Just Loved Reading:
Middle Grade Fiction
Vawter, Vince. Paperboy. New York: Delacorte Press, 2013
“Words in the air blow away as soon as you say them but words on paper last forever.” (Paperboy, p 21)
Memphis, Tennessee, 1959. The protagonist in Paperboy can’t say his name without inhaling big gulps of Gentle Air as his speech therapist taught him. (We learn his name in the last chapter and that his first name and his last name start with the same letter.) Some words are easier to say than other words depending on the first letter of the word because some letters are easier to pronounce than others.
He calls his best friend Rat because it’s easier to say than his real name, Art.
He throws a mean ball, though – it’s the one thing he knows he’s good at – in the opinion of his team. He feels at home on the baseball mound but not everywhere else in his white suburban world.
He takes over Art’s paper route for one month even though he knows it will be hard for him to communicate with the customers on collection day. He knows he’s taking on a challenge. But the people and the events that he encounters, the hidden family secret he uncovers and the surprising new friends he makes during that month and on that paper route changes his attitude life forever.
And that is just the beginning.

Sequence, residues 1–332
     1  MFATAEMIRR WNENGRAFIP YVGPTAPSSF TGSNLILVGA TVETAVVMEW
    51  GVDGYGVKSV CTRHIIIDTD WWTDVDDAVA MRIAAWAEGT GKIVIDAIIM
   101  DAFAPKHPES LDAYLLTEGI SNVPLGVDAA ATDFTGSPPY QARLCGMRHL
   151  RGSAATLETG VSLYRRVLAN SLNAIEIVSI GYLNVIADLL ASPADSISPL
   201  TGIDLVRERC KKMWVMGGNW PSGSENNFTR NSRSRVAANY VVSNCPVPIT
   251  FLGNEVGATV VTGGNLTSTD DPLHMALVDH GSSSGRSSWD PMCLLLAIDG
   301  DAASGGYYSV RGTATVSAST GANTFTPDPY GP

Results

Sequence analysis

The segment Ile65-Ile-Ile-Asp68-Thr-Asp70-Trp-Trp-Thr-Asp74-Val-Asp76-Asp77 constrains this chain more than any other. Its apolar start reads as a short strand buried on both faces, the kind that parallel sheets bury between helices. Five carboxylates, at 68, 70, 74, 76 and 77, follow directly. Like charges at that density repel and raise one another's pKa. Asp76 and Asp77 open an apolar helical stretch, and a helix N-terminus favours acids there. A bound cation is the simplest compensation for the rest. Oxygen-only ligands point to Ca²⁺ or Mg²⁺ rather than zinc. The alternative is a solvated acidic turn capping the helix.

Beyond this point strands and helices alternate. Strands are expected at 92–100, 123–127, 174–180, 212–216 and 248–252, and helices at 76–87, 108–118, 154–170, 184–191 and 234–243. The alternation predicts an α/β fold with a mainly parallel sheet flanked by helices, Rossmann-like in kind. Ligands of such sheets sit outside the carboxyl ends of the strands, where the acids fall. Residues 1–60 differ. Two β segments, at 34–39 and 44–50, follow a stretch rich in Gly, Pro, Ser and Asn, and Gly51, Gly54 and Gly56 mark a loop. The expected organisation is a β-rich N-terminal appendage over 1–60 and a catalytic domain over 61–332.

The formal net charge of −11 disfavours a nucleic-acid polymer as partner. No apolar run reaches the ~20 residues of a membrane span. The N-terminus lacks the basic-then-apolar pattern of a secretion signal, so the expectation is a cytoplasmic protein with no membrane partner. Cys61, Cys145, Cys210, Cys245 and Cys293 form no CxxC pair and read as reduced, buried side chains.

WHY I LOVED READING THIS BOOK:
The protagonist is one of the most likable, sympathetic, inspiring children in children and Young Adult literature that I have ever read about. I wanted to hug him. Other readers may want to hug him, too. He never stops thinking of ways to overcome his stuttering but confesses his loneliness because his stuttering sets him apart from other kids. In spite of everything, he doesn’t give up or feel sorry for himself. Instinctively, he lives one day at a time but tries everyday to overcome his “affliction.”
The reader will root for him through every step of his journey from trying to collect money to witnessing a knifing to becoming friends with a deaf boy and a retired sailor to discovering a family secret. This boy is a hero because of the way he handles himself in these situations with the kinds of people he encounters and the decision he reaches about his family’s past.
In the author’s note, Vince Vawter, a stutterer, quotes James Earl Jones, who overcame his stutter and became a renowned actor: “One of the hardest things in life is having words in your heart that you can’t utter.” Like the author, the hero in Paperboy realizes that although it is hard for him to speak, he is better at writing words (and throwing a fast ball).
Paperboy will lift up your spirits.